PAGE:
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I have two barcodes that I am working with. They are clearly different, but both scan as code 128. One is weird and one is normal. I have tried to reprint the data for the barcode in every way I can think of to I can see what subset (A, B or C) is being used.

For the normal one I know it is A for the first 10 chars then it changes the encoding to B.

I cannot seem to find out how to see what the encoding is on the other (weird) one.

I am using a symbol scanner. (I turned on the prefix char but that only told me D (Code 128)

Is there any tool to allow me to dig into the barcode symbologies?

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Just a guess, but could 128 be an error code, (2's complement of -1 comes to mind...) and they're both scanning incorrectly? – Bob Kaufman Feb 8 '10 at 22:43
I think he means Code 128: – Pekka 웃 Feb 8 '10 at 22:44

4 Answers 4

up vote 2 down vote accepted

I know very little about barcodes and zero about non-european ones, but for weird implementations of Code 128, there is also GS1-128.

This online barcode generator looks quite nice and can generate a lot of formats you might want to check against.

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Chiming in late here, but the ZXing library (I'm a developer) reads Code 128. You could have it scan the barcode while you attach a debugger to the code. It would show you exactly what's happening, step by step, in the decoding, including subset changes.

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I know the problem is fixed. But here's some more resource in case someone's in need :)

Like Pekka mentioned, a Code 128 have subsets like Code 128A, Code 128B, Code 128C and GS1-128(UCC/EAN-128). Here is more information on Code 128 barcode, with encoding pattern illustration.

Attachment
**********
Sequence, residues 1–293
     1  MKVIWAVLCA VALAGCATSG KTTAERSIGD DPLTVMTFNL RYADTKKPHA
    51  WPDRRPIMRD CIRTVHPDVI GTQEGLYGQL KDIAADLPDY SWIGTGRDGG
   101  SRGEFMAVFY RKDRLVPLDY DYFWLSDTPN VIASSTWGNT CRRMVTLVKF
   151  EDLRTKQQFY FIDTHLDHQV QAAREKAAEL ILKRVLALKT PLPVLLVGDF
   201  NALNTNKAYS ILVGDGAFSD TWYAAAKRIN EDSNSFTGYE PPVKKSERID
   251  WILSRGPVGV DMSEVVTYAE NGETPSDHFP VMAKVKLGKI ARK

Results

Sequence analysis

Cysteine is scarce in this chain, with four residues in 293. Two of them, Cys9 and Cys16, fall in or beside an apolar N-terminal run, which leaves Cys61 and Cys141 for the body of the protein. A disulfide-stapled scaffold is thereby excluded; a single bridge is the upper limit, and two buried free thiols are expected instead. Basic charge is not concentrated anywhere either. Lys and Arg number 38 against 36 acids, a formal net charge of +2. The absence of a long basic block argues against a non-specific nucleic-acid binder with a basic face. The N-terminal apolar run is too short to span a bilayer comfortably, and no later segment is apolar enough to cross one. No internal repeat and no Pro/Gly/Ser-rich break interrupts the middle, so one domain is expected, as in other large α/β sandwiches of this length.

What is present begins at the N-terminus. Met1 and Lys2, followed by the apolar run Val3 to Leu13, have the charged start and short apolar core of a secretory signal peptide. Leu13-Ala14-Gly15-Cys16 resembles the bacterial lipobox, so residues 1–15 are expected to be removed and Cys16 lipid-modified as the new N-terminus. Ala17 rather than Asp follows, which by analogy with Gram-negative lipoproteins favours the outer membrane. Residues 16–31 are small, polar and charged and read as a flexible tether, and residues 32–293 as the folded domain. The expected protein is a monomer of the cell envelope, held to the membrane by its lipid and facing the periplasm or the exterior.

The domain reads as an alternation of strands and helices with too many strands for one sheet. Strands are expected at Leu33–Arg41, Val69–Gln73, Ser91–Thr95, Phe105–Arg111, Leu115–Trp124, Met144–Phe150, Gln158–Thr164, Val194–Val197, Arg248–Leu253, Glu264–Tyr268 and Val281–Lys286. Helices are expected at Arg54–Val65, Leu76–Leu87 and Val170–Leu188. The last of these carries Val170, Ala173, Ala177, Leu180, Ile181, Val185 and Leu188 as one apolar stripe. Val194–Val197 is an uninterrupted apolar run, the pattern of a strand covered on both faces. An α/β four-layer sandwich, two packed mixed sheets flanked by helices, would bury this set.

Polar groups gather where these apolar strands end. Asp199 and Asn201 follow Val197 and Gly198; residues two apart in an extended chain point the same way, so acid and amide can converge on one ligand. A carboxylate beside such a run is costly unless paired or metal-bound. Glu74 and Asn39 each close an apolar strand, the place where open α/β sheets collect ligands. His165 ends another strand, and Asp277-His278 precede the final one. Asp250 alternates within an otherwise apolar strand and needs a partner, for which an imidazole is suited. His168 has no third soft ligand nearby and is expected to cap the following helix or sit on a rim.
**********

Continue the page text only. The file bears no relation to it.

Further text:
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I removed your link because it is spam for your product, and is not related to the question asked. The rest of your answer might be relevant, so I have left it. – Andrew Barber Mar 5 '13 at 10:39

Thanks for those that answered and commented.

Turns out the company that made our barcodes had a printing error. That caused the barcode to look different.

How it ever successfully decoded I do not know. Anyway. I am going to award the question to Pekka because he gave me a workable solution.

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As you are aware, Code 128 allows different code sets to be combined in a barcode, and many characters are representable in more than one set. Thus, there may be more than one way to represent a string of characters. For example, x1234y could be represented as six characters in set B, or, starting in set B, as "x", "switch to set C", "12", "34", "switch to B", "y" (which ends up the same size). – supercat Oct 12 '12 at 19:30

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